Rising prices ease but more work remains to improve economic security for Mainers

Price increases significantly moderated in the second half of 2022

For the first time since the COVID-19 pandemic began, the monthly US Consumer Price Index (CPI) declined in December, capping off a second half of 2022 that saw significant moderation in rising prices. 

For the past three months, CPI rose on an annualized basis of less than 2 percent, while core inflation, which excludes volatile food and energy prices, rose 3.1 percent. The Federal Reserve, which sets the cost of borrowing and has been raising interest rates faster than any time in four decades, has a target of 2 percent annual inflation.

Fortunately for Maine families, items driving a large portion of the price moderation include energy, food, and cars, which figure significantly in household budgets. Gasoline prices declined 9.4 percent in December, the fifth time in the past six months it had declined. The cost of groceries rose just 0.2 percent in December, a notable moderation after rising a full percentage point in each of the first six months in 2022. And for the first time since January 2021, the price of new vehicles declined in December. The price of used cars and trucks declined 8.8 percent in 2022.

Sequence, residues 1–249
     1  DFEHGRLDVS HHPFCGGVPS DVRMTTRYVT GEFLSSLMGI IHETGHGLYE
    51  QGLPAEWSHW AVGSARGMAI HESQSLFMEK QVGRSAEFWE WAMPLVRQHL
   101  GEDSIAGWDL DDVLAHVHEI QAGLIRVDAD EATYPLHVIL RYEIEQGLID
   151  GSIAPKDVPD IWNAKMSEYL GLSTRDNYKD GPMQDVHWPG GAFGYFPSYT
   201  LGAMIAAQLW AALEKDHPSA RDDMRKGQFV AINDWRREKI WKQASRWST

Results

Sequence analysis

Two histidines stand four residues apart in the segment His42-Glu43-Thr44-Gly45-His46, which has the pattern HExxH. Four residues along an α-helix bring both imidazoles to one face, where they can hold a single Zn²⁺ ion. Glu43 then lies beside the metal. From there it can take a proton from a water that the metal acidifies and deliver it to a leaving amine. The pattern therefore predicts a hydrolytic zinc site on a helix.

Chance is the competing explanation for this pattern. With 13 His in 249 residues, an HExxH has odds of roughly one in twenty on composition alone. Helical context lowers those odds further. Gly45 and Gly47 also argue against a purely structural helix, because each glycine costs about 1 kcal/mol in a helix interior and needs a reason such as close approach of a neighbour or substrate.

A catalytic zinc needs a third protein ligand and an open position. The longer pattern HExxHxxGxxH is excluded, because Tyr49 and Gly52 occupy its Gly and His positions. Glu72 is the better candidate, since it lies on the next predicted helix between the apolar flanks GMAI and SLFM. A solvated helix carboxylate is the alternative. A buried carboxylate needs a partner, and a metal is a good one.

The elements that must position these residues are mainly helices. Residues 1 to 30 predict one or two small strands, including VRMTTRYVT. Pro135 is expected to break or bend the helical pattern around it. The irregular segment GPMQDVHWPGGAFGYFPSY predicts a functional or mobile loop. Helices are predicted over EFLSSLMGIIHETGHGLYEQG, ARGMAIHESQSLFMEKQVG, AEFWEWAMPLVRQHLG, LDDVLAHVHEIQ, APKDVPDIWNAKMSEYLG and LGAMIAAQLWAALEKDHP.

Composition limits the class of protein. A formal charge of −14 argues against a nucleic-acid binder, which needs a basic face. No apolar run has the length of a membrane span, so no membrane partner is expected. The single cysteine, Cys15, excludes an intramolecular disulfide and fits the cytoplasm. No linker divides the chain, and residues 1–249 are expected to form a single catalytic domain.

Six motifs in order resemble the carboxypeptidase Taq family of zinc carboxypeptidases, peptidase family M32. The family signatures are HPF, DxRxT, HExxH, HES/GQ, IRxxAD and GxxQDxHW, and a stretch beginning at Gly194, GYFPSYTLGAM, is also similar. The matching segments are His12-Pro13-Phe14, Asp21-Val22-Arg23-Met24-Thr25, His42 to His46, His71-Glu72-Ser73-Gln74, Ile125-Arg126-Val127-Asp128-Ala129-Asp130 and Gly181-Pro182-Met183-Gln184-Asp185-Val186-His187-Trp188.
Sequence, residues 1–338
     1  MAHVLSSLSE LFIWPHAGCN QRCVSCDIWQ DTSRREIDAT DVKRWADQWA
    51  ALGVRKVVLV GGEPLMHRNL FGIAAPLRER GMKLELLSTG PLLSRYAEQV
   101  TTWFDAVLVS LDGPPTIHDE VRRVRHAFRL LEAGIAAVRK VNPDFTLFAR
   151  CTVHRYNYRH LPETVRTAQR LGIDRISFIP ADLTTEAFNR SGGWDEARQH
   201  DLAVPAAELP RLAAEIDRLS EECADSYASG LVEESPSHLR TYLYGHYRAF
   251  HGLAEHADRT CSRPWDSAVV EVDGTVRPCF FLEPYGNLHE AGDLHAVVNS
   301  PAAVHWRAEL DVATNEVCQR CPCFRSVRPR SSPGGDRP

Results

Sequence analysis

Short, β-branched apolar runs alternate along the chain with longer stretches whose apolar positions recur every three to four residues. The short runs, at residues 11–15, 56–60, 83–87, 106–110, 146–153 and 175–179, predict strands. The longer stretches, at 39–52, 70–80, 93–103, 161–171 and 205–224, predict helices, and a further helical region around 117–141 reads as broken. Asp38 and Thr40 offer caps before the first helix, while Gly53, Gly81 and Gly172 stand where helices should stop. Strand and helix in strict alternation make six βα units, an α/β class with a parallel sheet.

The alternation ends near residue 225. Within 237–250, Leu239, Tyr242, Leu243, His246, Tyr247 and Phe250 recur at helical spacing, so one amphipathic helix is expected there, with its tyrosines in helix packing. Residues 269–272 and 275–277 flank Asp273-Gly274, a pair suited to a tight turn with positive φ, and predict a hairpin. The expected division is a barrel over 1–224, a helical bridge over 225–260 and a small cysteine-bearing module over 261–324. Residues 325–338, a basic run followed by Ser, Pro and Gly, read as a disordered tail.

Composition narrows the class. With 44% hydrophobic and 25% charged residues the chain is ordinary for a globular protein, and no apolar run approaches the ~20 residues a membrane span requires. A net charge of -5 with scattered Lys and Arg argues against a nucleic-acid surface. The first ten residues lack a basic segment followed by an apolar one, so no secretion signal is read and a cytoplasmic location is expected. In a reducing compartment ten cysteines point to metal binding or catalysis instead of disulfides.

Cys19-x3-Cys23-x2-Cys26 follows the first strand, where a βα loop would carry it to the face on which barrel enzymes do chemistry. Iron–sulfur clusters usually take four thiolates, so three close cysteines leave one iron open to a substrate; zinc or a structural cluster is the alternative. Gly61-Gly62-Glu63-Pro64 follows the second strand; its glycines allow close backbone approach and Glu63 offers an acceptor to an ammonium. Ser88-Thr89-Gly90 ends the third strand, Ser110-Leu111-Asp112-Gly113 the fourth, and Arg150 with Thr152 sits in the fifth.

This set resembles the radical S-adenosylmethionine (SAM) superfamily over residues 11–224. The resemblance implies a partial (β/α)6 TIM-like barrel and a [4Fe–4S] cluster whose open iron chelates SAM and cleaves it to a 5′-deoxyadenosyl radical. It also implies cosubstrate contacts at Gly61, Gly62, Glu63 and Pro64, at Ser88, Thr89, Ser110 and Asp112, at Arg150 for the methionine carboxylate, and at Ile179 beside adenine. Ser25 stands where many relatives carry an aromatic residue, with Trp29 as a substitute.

While this is welcome news to working families, prices overall remain much higher than they were a year or two ago and more work remains to improve economic security for Mainers. In June, Maine Center for Economic Policy released a report, Feeling the Pinch, outlining the role of corporate power in rising prices and measures lawmakers can take to ameliorate the impacts of inflation. In 2023, Maine’s elected officials can tax excess profits, reinforce food and energy assistance programs, invest in child care subsidies and worker wages, and increase the supply of affordable housing. Doing so would help all Maine residents thrive this year and beyond.